In 2009 I was trying to overcome a left medical meniscal tear.
... and pretty much the only thing I could do (when it comes to training) was stretching, walking, and mobility work.
Which is when I was introduced to Yoga. It helped me maintain strength, mobility, and endurance while recovering.
The corner stone of Yoga is breath and alignment. Replace alignment with posture and positioning.
And this is the second mistake people make in the Getup.
Missing the sweep.
Either by over sweeping the leg. Or under sweeping the leg.
To gain the most leverage over the bell. Align the down hand, knee and foot.
It puts your hip in the best position to hinge at the hip. Which leads me to...
Common Kettlebell Mistake #3:
Not Getting Under the Bell
I've been trying to build a bigger deadlift since 2013. And a big "ah-ha" moment from me was when I switched to sumo so I could get my hips closer to the bar.
To build a bigger deadlift, press a heavier bell, or sweep a guy 50+ pounds heavier than you.
... you need to maximize your leverage.
By getting your center of mass as close to the object you're trying to lift/move as possible.
And this is where things fall apart in the Getup. Not getting under the bell.
"... Give me a lever long enough and a fulcrum on which to place it, and I shall move the world." ~ Archimedes
Your hips (i.e., center of mass) represent the fulcrum.
The closer the fulcrum is to the load... the move leverage you have... which means a stronger and more efficient Getup (deadlift, press, etc.)
Focus on aligning the hand, foot and knee allows you to... access a deeper hip hinge. Getting your center of mass directly under the bell.
Giving you the most leverage and full control over the movement. This is crucial the heavier the bell gets. The bigger the bell the more leverage you'll need.
Common Kettlebell Mistake #4:
Not Aligning the Hips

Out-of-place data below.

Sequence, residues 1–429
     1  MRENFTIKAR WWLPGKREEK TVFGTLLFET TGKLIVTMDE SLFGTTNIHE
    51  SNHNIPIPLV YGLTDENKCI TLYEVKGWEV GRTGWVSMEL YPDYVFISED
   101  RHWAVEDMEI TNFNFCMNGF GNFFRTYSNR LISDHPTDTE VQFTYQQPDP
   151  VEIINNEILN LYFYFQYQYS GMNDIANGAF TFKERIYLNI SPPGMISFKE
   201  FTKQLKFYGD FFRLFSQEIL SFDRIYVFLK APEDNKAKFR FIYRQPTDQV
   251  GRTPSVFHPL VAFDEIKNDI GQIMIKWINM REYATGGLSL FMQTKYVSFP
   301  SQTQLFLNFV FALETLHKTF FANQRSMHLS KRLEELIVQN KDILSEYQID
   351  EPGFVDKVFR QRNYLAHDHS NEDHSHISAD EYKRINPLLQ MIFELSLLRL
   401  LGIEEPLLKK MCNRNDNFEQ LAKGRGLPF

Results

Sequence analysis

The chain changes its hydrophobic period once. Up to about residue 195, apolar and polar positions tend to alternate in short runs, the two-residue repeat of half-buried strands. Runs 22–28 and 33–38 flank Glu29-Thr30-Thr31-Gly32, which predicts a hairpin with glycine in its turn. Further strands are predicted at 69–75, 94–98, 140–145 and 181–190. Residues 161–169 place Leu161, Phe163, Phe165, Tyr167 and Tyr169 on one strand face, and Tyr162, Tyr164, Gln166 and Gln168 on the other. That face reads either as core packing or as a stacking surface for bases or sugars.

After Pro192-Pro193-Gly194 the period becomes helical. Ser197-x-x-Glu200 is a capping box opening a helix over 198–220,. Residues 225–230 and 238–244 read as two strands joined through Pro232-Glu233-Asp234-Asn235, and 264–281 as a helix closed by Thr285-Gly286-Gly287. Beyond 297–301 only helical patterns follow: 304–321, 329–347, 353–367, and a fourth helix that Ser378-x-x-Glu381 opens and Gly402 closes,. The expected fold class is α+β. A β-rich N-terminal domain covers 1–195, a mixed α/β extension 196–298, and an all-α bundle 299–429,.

"Slow down to go fast.'
"Slow is smooth. Smooth is fast."
I often see people rush the Getup. Especially once they get to the lunge position (Not sure what the hurry is).
Take your time.
I believe it was Brett Jones who said, "there's never a reason to be out of position in the Getup."
And this is common kettlebell mistake #4... rushing the Getup, and not aligning the hips.
... and trying to initiate the lunge from a "hip hike." Perhaps you notice you CAN'T align the hips. Which brings more value to the Getup as great "assessment" tool.
Setting a baseline for where you're at.
Think about this pattern for a second. What kind of stance is this? An asymmetrical stance, right? And as you ascend to standing...
... it transitions to a single leg stance. So if you can't align the hips in a closed chain pattern (I.e., your feet are fixed and can't move). How can you keep your hips aligned in an open chain pattern (e.g., single leg movements)?
If your hips are hiking and can't maintain alignment... this is the same platform you're trying to run and sprint from.
Back up a step and work through the patterns using only your body weight.
And assess if you can stack your hips.
Envision running a rod from one hip to the other... would they connect?
Are your feet on "railroad tracks?" Take you time and establish this position prior to standing.
Common Kettlebell Mistake #5:
Not Giving Yourself Enough Room
If you're planning to attend the SFG 1 certification pay close attention.
This one bites many attendees in the butt on test day. There are 4 transitions in the Getup where the foot must remain in contact with the floor.
1.) During the low sweep (see mistake #2).
2.) During the lunge to standing.
3.) During the reverse lunge.
4.) And the transition from windmill back to tall sit.
Violating these during the Getup is a result of not giving yourself enough room on the way up and especially on the way down (stemming from a shallow reverse lunge).
Again... slow down and practice the reverse lunge with your bodyweight first.
Step back further and give yourself space. You want to achieved a 90/90º position with the front and back leg.
Then be mindful of your hips. Are they stacked and are your feet aligned on railroad tracks?
Not only is this important if you wanna pass the level 1 SFG.
It's essential so you can possess complete control of the ascent and descent of the lunge.
And there you have it dude.
5 mistakes you're making with the Turkish Getup (i.e., the Getup) and how to improve them so you can build a stronger and more capable body and live life on your terms.
Let me know which of these work best for ya by leaving a comment below.
There are two options to consider if you're new to kettlebells or you're an experienced kettlebell'er looking to advance your skills.
Option #1: Record yourself doing the movements and try to figure the rest out on your own. Which can be a viable option. But will you even know what you're looking at/for? Likely not. Which brings me to...
Option #2: Follow the plans of a proven coach (Hey... that's ME!!) that has help over 1200 people become the strongest version of themselves with the kettlebell swing and getup.
Magic Option #3: Hire a coach (hey that's ME AGAIN!!) and leverage his experience so you can avoid unnecessary failures and get to your desired destination FASTER (and SAFER).